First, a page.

Adapting the classic tabletop experience to video games presented unique opportunities for the designers of Arkham Horror: Mother’s Embrace.
Arkham Horror: Mother’s Embrace brings players to the scene of a murder in 1926, with a selection of investigators exploring the crime at a mysterious mansion — and uncovering far darker elements at play in the process. The world of Arkham Horror gives players plenty of threats to overcome — with some of the most dangerous being the ones within their own minds, even beyond the unknowable and unspeakable horrors that exist between universes.
During an exclusive interview with CBR, Mehdi Lekehal — of Asmodee Digital and Brand Manager on Arkham Horror: Mother’s Embrace — spoke about bringing the classic board game to video games and the importance of immersing players in the world of Arkham Horror. While designing the game, “we focused on the whole mythos,” Lekehal revealed. “It implicates more than only Cthulhu. Arkham Horror was a tremendous universe to explore in a video game, and we wanted to recreate what your investigators would see, feel and hear while on their investigations.”
Lekehal particularly noted how the game’s audio design was a major way the developers decided to further invest players in the dark world they’re exploring — and a strong element that the medium of video games can give the story-heavy experience. “We gave extra attention to the sound design and the soundtrack, as it’s a vivid part of the atmosphere we wanted both the players and investigators to feel — cracking floor, strange little noises, this little music tingling in your ear. The game is here to make you doubt what you see and what you hear. Your investigators’ sanity will be put to test, and they might find it hard to realize what horrors lie in the darkness.”
Beginning life as an adventure board game in 1987, the series explores elements from the works of H.P. Lovecraft and generations of other horror creators. Arkham Horror has lasted so long and in so many different incarnations thanks to the love for the mythos that the various game producers share with fans. “This love of the mythos is close to the mythos itself,” Lekehal revealed. “You want to know more, but deep inside, you know it will cost you more than you think. That’s what we wanted to develop and showcase in the game mechanics. For example, your investigators’ sanity will decrease if they perceive things their mind struggles to apprehend. If their sanity runs too low, it might leave scars on their psyche and create traumas. The mythos is all about hiding in the dark, in the corner of your eyes.”
“Horror is suggested, you won’t directly see it — or maybe you will, when it’s too late. We wanted that part of the mythos to be present in the game, and we made sure to tailor your experience as a player to fully feel how reality can depart… and how madness could begin.” Reflecting on adapting the game for a digital medium after decades of the series existing as a tabletop experience, Lekehal said that “board games and video games can have great interactions, and Arkham Horror has amazing content that any video game studio would love.” For the development team, an important element was making sure the game felt unique. “We weren’t looking for a 1:1 port of the board game. We wanted to take that content, atmosphere, and game feeling from the board game and translate it into another experience.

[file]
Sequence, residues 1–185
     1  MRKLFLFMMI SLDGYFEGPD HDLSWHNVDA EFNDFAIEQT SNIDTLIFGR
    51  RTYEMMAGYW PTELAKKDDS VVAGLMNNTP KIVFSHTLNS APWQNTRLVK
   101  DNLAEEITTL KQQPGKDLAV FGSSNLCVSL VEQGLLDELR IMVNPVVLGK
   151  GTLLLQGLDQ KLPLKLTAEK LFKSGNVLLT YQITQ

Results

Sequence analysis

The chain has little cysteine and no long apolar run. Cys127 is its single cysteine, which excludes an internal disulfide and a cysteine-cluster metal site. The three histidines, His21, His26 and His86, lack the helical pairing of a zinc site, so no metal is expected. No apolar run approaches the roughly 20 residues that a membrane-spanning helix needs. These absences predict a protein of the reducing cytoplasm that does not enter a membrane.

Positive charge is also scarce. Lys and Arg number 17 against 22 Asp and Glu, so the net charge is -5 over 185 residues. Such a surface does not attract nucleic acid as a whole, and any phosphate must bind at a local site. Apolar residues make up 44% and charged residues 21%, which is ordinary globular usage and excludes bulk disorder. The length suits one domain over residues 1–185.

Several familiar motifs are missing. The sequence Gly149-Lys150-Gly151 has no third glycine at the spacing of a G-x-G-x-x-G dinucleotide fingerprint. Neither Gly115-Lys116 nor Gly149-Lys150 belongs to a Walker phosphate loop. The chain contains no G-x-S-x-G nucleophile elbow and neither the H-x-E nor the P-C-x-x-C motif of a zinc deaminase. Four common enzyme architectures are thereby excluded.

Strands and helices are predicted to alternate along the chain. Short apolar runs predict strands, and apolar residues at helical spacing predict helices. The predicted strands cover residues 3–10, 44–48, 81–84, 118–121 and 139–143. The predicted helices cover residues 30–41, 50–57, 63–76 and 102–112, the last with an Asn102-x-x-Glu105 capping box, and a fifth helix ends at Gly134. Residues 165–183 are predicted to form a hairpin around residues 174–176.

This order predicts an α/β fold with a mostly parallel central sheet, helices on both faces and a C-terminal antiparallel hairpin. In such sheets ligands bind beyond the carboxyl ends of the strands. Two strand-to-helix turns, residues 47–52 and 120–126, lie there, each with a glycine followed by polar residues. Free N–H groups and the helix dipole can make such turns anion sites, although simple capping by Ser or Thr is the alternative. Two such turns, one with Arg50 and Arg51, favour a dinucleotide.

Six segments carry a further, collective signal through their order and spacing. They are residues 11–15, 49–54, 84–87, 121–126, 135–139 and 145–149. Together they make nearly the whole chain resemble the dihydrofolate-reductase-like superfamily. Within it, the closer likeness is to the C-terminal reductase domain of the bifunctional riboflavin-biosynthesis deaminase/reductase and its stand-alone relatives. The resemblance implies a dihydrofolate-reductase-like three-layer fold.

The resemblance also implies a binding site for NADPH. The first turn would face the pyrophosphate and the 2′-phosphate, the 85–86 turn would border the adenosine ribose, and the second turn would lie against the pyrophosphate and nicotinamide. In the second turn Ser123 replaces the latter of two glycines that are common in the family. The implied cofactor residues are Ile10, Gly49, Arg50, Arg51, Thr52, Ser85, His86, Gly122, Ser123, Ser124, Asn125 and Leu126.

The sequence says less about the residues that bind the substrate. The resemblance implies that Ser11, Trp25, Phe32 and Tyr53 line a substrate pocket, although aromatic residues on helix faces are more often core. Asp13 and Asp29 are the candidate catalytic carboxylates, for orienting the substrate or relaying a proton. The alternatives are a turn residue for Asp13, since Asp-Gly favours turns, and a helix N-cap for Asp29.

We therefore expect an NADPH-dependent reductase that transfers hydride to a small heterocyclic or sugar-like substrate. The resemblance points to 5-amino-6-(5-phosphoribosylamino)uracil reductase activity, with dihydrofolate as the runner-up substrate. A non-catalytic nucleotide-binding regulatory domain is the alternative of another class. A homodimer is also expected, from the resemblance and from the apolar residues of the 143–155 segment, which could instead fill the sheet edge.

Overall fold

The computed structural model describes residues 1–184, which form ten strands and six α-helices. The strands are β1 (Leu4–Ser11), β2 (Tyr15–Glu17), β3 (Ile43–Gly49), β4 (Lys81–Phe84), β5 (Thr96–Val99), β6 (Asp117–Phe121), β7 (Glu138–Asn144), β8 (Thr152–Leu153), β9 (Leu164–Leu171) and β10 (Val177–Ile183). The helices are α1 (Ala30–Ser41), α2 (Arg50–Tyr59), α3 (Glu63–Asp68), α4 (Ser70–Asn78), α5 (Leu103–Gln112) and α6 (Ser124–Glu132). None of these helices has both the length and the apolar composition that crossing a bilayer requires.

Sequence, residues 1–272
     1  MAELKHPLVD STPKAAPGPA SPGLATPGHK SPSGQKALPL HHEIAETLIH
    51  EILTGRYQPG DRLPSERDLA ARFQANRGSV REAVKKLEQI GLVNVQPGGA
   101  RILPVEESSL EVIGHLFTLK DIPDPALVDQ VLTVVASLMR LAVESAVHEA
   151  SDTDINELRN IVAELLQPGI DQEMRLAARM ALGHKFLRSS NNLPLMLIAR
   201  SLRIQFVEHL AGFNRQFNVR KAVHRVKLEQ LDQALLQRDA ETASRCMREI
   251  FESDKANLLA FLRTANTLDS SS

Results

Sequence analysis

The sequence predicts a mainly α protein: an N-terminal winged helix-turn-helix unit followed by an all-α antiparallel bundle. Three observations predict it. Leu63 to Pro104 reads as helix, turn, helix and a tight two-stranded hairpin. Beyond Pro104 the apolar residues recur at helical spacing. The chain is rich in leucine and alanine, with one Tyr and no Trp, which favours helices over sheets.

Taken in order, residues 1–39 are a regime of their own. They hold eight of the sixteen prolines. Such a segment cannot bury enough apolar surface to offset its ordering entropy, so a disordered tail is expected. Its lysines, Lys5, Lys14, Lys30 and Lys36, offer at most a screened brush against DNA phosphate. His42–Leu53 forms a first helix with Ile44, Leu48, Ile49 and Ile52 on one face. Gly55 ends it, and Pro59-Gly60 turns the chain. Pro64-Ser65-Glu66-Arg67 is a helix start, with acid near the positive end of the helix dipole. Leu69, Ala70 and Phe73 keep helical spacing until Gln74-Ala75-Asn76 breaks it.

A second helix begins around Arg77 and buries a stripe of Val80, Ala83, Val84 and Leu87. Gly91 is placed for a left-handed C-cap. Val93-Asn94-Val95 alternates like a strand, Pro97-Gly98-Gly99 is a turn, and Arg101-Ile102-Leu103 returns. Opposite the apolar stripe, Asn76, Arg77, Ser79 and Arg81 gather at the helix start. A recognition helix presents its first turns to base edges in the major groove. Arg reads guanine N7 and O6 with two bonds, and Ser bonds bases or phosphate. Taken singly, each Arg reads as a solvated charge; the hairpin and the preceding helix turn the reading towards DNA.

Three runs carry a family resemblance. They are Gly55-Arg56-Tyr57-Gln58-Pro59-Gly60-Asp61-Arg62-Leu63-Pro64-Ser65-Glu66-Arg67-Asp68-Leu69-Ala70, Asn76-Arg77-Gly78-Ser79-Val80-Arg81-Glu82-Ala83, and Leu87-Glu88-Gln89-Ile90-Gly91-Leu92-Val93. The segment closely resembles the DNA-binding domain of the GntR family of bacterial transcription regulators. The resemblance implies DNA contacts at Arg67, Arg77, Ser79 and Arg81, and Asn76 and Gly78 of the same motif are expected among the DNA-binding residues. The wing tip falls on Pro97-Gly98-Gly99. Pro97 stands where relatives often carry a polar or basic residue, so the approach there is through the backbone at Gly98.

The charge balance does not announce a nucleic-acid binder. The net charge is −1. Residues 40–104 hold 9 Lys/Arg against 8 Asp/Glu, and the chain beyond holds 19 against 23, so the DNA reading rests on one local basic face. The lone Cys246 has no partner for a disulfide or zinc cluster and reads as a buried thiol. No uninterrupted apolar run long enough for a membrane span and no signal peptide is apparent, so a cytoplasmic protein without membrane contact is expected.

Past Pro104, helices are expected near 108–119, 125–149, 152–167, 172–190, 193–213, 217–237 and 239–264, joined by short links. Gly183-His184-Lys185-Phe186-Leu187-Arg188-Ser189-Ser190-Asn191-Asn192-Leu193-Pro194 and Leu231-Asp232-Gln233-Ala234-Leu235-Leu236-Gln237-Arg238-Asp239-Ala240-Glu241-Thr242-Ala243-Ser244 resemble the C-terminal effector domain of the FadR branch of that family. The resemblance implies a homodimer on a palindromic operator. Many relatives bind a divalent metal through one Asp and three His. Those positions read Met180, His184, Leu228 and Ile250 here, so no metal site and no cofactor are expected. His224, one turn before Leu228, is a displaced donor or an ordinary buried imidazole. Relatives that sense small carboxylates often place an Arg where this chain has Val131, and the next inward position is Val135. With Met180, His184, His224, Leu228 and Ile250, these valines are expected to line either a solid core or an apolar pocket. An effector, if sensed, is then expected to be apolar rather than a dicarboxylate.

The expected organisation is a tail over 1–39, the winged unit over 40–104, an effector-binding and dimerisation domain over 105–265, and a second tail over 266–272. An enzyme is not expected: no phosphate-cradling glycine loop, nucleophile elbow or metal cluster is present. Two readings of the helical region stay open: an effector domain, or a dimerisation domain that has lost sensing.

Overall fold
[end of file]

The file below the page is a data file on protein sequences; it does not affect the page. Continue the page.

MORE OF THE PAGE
“We identified and recreated all the things that are important to Arkham Horror players: investigation, turn-based combat, a sanity check system, famous investigators — everyone has a favorite, don’t lie — and iconic locations such as Miskatonic University or the asylum of Arkham. Going from physical to digital for a board game comes with some inherent perks. You don’t have to handle the tokens, points, or any out-of-game mechanics, as the game will handle them for you. For newcomers that don’t know the board game, it’s a perfect way to discover the universe.”
With over thirty years of history behind the franchise, the series already has legions of fans across generations of players, but the new format might be the perfect way to attract new gamers into a world of darkness, madness and monsters. “We designed Arkham Horror: Mother’s Embrace to be accessible to both fans of the board games and new players,” Lekehal explained. “For long-time fans, we’re bringing what makes Arkham Horror such an [enduring series]. Players will name every character on the screen before their identity appears, and between the old grimoire and a gun, they’ll know what is best to use in a situation.”
But Lekehal stressed that “this game is also for new players, and we want them to discover and appreciate what makes Arkham Horror a great title with this new solo experience that will lead them on a path to join old-time players. For that, a narrative-driven onboarding experience will help them understand that what seems to be ordinary isn’t totally normal when you stroll near the mythos. For these reasons, and to welcome both new players and old fans, we worked closely with Fantasy Flight Games [the current publishers of the tabletop series] to respect the Arkham Horror universe, and to create something new with an untold story written by one of FFG’s writers for Arkham Horror.”
Developed and published by Asmodee, Arkham Horror: Mother’s Embrace is now available on PlayStation 4, Xbox One, Nintendo Switch and PC.
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